From our law firm’s experience it seems that Walgreens will look for any excuse to deny short term or long term disability benefits to a plan participant. In a recent disability lawsuit filed in Michigan, Walgreens tried their best to use a legal technicality to dismiss the lawsuit of a former employee. Fortunately, the court did not buy Walgreen’s unreasonable argument.
Matthew, a Walgreens Store Manager was forced off work on December 29, 2005 due to Dercums Disease, Chairi Malformation, Carpal Tunnel Syndrome and various other illnesses. As a participant in the Walgreens Income Protection Plan for Store Managers, Matthew was eligible for Long-Term Disability benefits if he met the Plan’s terms and conditions. The Plan administrator found Matthew eligible and began paying him disability benefits.
Unfortunately, Matthew’s claim was terminated in December 2007 after receiving disability benefits for two years. According to the Plan, Matthew had a limited amount of time in which to bring a claim against his insurer for denying him benefits. The Plan provided that a legal action could be filed no later than three years after proof of disability must be filed.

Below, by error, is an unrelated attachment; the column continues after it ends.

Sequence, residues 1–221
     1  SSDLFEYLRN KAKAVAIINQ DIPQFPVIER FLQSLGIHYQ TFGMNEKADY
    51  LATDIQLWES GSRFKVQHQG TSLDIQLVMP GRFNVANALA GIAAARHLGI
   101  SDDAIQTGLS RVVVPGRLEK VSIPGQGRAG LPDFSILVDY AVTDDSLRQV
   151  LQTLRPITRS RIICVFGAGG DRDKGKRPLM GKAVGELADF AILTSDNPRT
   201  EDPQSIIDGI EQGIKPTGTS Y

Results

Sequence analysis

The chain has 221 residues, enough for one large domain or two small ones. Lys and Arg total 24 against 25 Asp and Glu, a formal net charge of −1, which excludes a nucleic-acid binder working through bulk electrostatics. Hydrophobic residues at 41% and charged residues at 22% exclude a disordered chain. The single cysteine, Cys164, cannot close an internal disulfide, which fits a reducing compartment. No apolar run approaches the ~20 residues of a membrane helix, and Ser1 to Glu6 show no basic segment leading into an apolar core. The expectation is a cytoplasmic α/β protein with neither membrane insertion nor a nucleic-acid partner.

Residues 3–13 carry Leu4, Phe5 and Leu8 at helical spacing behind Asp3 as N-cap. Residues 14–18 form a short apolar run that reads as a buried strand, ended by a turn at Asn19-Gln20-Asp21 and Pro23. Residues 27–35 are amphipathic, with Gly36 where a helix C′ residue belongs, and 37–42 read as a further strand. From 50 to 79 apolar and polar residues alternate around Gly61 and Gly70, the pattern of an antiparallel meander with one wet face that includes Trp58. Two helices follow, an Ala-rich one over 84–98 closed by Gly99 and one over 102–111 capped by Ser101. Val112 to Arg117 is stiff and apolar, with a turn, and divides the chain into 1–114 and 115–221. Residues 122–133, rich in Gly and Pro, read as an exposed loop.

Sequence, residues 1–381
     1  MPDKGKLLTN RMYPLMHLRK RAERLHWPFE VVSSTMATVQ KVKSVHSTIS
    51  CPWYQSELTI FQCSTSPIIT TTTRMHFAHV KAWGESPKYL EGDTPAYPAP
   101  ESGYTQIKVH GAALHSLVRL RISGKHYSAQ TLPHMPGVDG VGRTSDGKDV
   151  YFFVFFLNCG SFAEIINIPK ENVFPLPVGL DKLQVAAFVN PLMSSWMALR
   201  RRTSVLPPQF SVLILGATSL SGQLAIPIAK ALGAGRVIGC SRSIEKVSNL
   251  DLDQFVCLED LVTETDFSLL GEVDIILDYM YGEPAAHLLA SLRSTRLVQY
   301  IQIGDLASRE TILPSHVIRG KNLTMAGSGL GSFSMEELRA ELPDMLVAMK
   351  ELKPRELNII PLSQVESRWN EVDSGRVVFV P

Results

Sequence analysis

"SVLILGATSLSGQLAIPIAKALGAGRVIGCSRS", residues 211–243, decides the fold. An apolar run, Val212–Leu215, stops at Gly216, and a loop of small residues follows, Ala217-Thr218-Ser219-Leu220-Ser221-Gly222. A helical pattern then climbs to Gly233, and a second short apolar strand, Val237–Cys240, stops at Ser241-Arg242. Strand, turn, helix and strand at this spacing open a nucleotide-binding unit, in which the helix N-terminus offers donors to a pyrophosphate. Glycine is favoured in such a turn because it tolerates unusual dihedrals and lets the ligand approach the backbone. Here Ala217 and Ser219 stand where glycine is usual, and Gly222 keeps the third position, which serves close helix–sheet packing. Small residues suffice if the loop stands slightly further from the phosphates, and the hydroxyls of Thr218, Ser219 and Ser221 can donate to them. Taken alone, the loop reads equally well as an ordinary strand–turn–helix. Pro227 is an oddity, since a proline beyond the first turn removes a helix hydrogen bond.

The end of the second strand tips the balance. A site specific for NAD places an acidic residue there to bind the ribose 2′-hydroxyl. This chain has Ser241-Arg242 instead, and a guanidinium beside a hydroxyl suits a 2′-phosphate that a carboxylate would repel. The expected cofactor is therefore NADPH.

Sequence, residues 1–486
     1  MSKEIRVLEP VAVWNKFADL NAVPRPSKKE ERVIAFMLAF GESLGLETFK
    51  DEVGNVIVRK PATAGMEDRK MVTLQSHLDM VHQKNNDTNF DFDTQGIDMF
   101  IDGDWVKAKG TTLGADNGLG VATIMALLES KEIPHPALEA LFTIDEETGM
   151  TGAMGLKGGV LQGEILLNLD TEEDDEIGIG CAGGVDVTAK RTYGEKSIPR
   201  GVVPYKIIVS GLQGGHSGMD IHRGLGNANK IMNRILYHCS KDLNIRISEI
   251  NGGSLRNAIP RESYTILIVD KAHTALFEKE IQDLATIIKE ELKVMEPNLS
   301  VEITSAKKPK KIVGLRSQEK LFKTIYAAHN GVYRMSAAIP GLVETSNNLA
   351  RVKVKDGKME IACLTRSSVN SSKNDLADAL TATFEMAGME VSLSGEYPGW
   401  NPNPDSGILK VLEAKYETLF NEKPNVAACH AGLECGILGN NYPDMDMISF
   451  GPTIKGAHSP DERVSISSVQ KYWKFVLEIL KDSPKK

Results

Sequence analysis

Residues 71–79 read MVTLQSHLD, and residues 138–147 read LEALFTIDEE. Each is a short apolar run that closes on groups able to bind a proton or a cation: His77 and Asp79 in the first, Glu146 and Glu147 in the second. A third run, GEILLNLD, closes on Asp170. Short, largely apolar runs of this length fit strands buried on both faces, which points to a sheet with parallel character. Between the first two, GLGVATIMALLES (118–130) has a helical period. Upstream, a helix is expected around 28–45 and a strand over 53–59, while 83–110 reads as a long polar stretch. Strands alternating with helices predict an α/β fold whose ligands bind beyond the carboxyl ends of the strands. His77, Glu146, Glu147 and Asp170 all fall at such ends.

So when Matthew brought a legal action against his insurer more than a year after the plan limitation had run out his insurer argued it was too late.
All disability insurers governed by ERISA are required to provide plan participants with a Summary Plan Description (“SPD”) designed to simplify and explain important terms of their Plan. Matthew received a SPD but it did not mention this three year limitation and as a result he had no idea the limitation existed – until now.
Insurers Must Include The Contractual Limitations Period In Its SPD
Matthew and his Michigan Disability Attorney argued that ERISA requires insurers to include their plans’ contractual limitations periods in their SPDs. The court agreed.
Even though the Disability Plan included the three year contractual limitation period the insurer must include the same information in its SPD. As the reviewing court explained “the contractual limitation is an integral part of the Plan and [Mathew’s] failure to comply would result in possible loss of benefits; it is reasonable that [Mathew] would rely on the SPD’s silence in determining when he could file a cause of action. The contractual limitation is an essential part of the Plan and must be included in the SPD.”
As a result of the SPD’s silence regarding the contractual limitation, the court concluded that Michigan’s six-year period of limitations for breach of contract applies. Because Matthew brought his claim within the six-year limitation period he was able to proceed with his disability lawsuit. This lawsuit was not handled by our law firm.